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Emphasis tends towards cool temperate agriculture but, where appropriate, illustrative examples from warm temperate, tropical and arid climatic regions are given. The text is divided into three sections: Chapters 1-4 examine how the plant uses the basic resources of energy, water and minerals, and how it derives its structural strength and preserves its integrity; Chapters 5-10 deal with the growth and development of the plant from seed to maturity, including propagation and breeding. Chapters 11 and 12 focus on plants as crops, looking in turn at yield and the quality of its produce as food. Each chapter is largely self-contained, having its own summary. -after Authors
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The effect of indole-3-acetic acid (10−4 and 10−5 M), gibberellic acid (10−4 and 10−5 M) and ethephon (50 ppm) as an ethylene releasing compound, on the diosgenin synthesis and/or accumulation process and their effects on the growth of Trigonella foenum-graecum plants were investigated. Treatment with 10−5 and 10−4 M gibberellic acid led to 43 and 19% increases, respectively, of diosgenin in 30-day-old whole plants. These increases might be associated with the action that this growth regulator has in stimulating plant growth and the biosynthetic pathway of this sapogenin. A smaller increase was obtained with the 10−5 M indole-3-acetic acid treatment (6%, in 30 day-old plants), probably due to a stimulation of the biosynthetic pathway, alone, since no effect on growth was observed. Treatment with 50 ppm ethephon increased the diosgenin levels observed in the leaves of 15- and 30-day-old plants, growth of the whole plant being substantially reduced at 30 days in comparison with the growth observed in control plants. These figures reflect a 77% increase in diosgenin levels in 15-day-old plants and a decrease of 68% in 30-day-old plants.
Article
The leaf-area index (leaf area per unit area of land, L) of field crops of kale and sugar-beet was varied experimentally by removing different fractions of the plant population distributed uniformly through the crop. The net assimilation rate (E) was determined in subsequent periods of 10–14 days. For kale, E decreased nearly linearly with increase of L throughout the range from I to 5. E of sugar-beet was less affected by change in L and was apparently not decreased until L rose above about 3. Because of this dependence of E on L, the rate of dry-matter production per unit area of land, or crop growth-rate (C=EL), showed a curved relation to L; for kale it increased to a maximum when L was between 3 and 4 and fell again at higher values of L. Maximal C for sugar-beet occurred beyond the range of L tested, probably between L=6 and L=9. This optimal L for dry-matter production by sugar-beet crops probably lies near the upper limit of the current agricultural range, so there is little, if any, scope for increasing the dry-matter yield by further increase in L. For heavy kale crops L is already far in excess of the optimum, and it may be possible to increase the total dry-matter yield of kale by repeated thinning or defoliation to hold L near the optimum.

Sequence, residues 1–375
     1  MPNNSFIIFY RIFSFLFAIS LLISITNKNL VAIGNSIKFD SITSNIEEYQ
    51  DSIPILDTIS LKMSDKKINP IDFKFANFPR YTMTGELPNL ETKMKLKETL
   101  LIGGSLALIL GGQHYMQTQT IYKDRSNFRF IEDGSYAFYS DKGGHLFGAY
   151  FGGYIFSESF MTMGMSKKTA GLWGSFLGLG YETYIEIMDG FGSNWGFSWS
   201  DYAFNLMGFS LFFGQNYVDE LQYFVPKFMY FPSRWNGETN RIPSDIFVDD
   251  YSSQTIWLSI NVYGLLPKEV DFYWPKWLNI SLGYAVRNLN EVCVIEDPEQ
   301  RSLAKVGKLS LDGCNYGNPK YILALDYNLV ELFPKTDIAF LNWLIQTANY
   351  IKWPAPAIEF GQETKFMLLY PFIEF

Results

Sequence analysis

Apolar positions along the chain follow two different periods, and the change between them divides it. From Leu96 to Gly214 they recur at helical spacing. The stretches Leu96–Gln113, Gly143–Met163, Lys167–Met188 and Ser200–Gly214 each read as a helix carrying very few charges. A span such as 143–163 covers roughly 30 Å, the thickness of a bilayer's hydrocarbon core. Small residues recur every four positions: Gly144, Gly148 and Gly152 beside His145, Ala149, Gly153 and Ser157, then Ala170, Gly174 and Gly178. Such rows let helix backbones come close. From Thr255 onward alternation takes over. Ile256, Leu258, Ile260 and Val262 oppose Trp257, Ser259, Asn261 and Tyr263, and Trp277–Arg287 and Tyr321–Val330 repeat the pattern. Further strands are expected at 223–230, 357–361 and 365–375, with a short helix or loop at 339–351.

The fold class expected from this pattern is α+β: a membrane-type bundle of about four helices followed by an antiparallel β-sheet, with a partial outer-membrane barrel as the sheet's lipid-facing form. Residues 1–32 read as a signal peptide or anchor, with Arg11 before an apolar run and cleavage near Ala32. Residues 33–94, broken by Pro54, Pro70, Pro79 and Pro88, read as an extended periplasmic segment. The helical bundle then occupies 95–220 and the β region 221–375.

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The Moringa Three. ECHO 17391, Durance Rd, North ft
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Effect of Gibberellic acid on growth and yield fluted pumpkinpkin. Telfaria occidentalis. (HOOKE) Being paper presented on 27th conference of Horticultural society of Nigeria, conference held at Royal Tropicana Hotel
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Manga, A. A and Hussaini, M. A. (2009). Effect of Gibberellic acid on growth and yield fluted pumpkinpkin. Telfaria occidentalis. (HOOKE) Being paper presented on 27th conference of Horticultural society of Nigeria, conference held at Royal Tropicana Hotel, Kano, from 11-16 October 2009. 55-56.